A.  Meet with your friend at the bank and make sure that any lien on the bank has been paid.If she has applied for a lost title, request a copy of the paperwork that was submitted to the state.  Times are tough for most governmental agencies and many are running behind, but four months is out of line.  If you learn that your friend has not submitted the “lost title paperwork”, then I suspect the loan to the bank has not been paid.  If that is the case, confront your friend with the facts and insist on a lien release and title as that was the deal.  If she won’t fix it, file suit in small claims court.  I am sending you the “how to” for small claims procedures if you file a claim. If she does not have the money, call me as I have a hairbrained idea that may get you riding.




I have an old ’84 Shovel. I love that bike and the way it sounds. I keep it at my law office in case I get a “motorcycle ache”. The transmission has been howling for the last 100 miles or so. Not having the time to tear it down, I thought I might try Lucas oil stabilizer to see what effect it might have on my ailing transmission. I added Lucas oil stabilizer and within 20 miles the howling stopped and so did a small leak. Check out the web site, http://www.bobistheoilguy.comfor a demo on why this stuff works or contact Ryan Farabaugh at Lucas.  Those guys know their stuff.

Next I tried Lucas Fuel Clean on a 1965 B-Model Mack with errant fuel injectors. She now runs like a Deere.   Remember, I am a lawyer and a cynic, so if I say this stuff works – it does!



No biker worth his salt can resist a 70 degree day in January or February or…. But insurance companies, including those that say they are our friends, will sell us seasonal insurance under the guise of saving us a speck of money and doing us a favor.  And sometimes they don’t tell us what we need to know in the fine print.  And who reads the fine print anyway? Usually, insurance companies knock off three months worth of coverage, but only knock off one month of premium. By any definition, that is an insurance company rip off.  Always run the numbers and keep them honest – that is IF you know you have seasonal coverage.  Check your policy to be sure.

Every January, I cringe, anticipating a call like I received a while ago. A good ABATE member with a son heading to college took the insurance company bait on seasonal coverage to save a few bucks. You got it, it was a 70 degree day, and all he was going to do is go around the block. The little old lady with blue hair got him at 5 miles a hour–mashed his leg up against the primary. He is now missing a leg – knee down.  Since he had no underinsurance coverage and the lady had minimal limits, he got $25k for a leg – not good.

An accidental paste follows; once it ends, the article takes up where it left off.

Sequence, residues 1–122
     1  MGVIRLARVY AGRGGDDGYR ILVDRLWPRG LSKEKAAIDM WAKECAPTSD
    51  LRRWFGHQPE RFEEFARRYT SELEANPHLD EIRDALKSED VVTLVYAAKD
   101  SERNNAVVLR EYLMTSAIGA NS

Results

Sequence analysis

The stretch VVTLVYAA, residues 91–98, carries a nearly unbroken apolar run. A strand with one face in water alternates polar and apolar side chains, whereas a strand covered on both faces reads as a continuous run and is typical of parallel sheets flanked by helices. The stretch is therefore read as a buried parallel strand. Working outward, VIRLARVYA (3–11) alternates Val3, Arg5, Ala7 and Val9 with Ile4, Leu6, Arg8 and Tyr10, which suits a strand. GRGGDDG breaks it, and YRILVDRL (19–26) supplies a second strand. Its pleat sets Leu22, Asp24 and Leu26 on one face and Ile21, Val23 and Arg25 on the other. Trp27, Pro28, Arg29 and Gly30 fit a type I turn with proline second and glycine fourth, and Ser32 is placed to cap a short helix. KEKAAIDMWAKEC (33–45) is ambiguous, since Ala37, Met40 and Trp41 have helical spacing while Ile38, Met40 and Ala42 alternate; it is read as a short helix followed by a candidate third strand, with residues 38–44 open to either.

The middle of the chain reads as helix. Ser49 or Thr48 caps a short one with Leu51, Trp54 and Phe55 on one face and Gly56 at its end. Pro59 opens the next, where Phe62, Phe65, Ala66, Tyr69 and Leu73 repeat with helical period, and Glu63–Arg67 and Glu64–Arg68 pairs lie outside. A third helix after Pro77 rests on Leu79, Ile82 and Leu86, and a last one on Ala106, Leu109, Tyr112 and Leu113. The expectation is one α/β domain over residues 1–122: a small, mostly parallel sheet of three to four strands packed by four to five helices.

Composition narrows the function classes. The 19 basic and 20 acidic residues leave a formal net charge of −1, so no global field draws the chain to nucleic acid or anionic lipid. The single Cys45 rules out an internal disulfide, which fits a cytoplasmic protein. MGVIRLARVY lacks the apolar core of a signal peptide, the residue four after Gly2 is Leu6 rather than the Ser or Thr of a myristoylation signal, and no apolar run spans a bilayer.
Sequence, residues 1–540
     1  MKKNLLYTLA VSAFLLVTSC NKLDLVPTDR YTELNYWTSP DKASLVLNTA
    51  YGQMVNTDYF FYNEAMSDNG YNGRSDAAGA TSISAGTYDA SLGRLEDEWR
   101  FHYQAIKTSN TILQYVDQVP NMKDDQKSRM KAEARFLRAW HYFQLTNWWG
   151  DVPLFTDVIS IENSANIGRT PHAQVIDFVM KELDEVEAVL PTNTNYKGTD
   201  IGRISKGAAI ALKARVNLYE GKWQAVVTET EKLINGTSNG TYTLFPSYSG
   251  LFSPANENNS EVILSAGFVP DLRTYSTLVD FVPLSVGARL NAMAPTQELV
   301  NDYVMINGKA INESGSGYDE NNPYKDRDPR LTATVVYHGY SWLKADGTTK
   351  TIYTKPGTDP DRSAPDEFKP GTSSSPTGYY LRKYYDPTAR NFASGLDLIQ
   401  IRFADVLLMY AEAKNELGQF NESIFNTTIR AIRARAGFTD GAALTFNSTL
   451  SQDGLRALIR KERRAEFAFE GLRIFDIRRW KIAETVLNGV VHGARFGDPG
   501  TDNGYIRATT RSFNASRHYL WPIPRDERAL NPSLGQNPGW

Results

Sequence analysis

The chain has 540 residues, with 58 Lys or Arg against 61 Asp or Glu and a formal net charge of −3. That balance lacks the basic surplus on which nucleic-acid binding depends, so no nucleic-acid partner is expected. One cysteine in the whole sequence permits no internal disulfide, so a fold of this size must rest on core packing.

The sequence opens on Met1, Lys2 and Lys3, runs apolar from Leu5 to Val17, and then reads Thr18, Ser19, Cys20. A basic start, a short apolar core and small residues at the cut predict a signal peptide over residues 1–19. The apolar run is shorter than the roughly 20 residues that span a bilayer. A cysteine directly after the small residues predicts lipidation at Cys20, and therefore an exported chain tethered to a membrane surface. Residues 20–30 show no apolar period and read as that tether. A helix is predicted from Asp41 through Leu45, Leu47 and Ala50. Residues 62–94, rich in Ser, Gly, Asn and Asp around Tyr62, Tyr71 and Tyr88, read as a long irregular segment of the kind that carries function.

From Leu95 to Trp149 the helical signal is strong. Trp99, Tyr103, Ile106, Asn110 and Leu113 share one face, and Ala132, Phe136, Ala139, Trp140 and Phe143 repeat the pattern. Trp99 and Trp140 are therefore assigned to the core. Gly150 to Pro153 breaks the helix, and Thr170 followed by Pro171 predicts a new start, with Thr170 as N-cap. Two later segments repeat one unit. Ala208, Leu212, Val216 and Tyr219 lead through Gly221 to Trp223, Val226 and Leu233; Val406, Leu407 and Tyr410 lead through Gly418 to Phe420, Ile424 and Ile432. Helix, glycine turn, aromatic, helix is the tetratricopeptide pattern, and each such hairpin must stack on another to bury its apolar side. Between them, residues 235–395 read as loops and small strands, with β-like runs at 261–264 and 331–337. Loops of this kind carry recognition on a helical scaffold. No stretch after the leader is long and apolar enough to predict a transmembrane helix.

It takes a different kind of insurance company to offer seasonal coverage–and I think it is not our kind of insurance company. Well-meaning state legislators should disallow this type of insurance coverage. Insurance companies that sell this type of insurance coverage are not our friends.


PLAYING MOTORCYCLE ROULETTE – The most important article you will read regarding your motorcycle/automobile insurance policies.

Like playing Russian Roulette? How about for $100 bucks a year? Worth it – depends? But that’s what you’re doing if you don’t buy adequate uninsured/underinsured motorist coverage for all of your motor vehicles, but especially for your motorcycle. Studies by the Insurance Research Council indicate that up to 14 percent of drivers do not carry any sort of coverage. That is one in eight. And some say that figure is going higher. Even more have inadequate coverage – 25k is not insurance.  That is just enough to piss a guy off if you are lying in the hospital with a 100k hospital bill and still more bills to go. Then how do you pay your medical bills, mortgage/rent payments and living expenses? What about pain, suffering, temporary and permanent impairment? The answer is having adequate uninsured/underinsured motorist coverages that you buy. Without it, you may be out of luck – financially.

If you don’t have significant uninsured motorist/underinsured motorist coverages (UM/UIM coverage), you are unprotected against the driver with no insurance or inadequate insurance. If you carry the legal minimum coverage, you maybe in compliance with the law, but you are woefully underinsured if you are seriously injured. In other words the roulette game is on for you.

Let’s say you get injured in an crash that is the other guy’s fault. You have medical bills, lost wages, pain and suffering of $200,000.00. The other guy has minimal coverage of, $25,000. His insurance company pays you the $25,000.00 as that is all he has, leaving you with $175,000.00 of uncompensated damages. If you do as I say, you can claim money for your additional losses from your own insurance company under your UM/UIM coverage. But you can only make a claim for your losses to the extent that your UM/UIM coverage exceeds the coverage of the other guy. Of course, the higher your uninsured/uninsured limits, the better your protection.  So just do it.  Be easy on me when you call and tell me you are in the hospital and that the adverse has no insurance and that you did not follow my “I told you so” advice.  I will keep my thoughts to myself.

Ride Safe & Free,

Rod Taylor

ABATE Legal Services

All questions from ABATE members are answered confidentially unless otherwise authorized and only after the matter is concluded, except when authorization for publication anonymously or otherwise is given for pending matters. Remember, injured ABATE members pay only 28 ½% of total recovery, and expenses as approved by client. Elsewhere, you may pay 33 ⅓%, 40% or even 50% of your recovery. ABATE members are not charged for recovery of damage to your motorcycle, and have access to a 24-hour toll-free telephone number. Call us at 1-(800)-25-RIDER. Questions? Submit them to:  © 2019.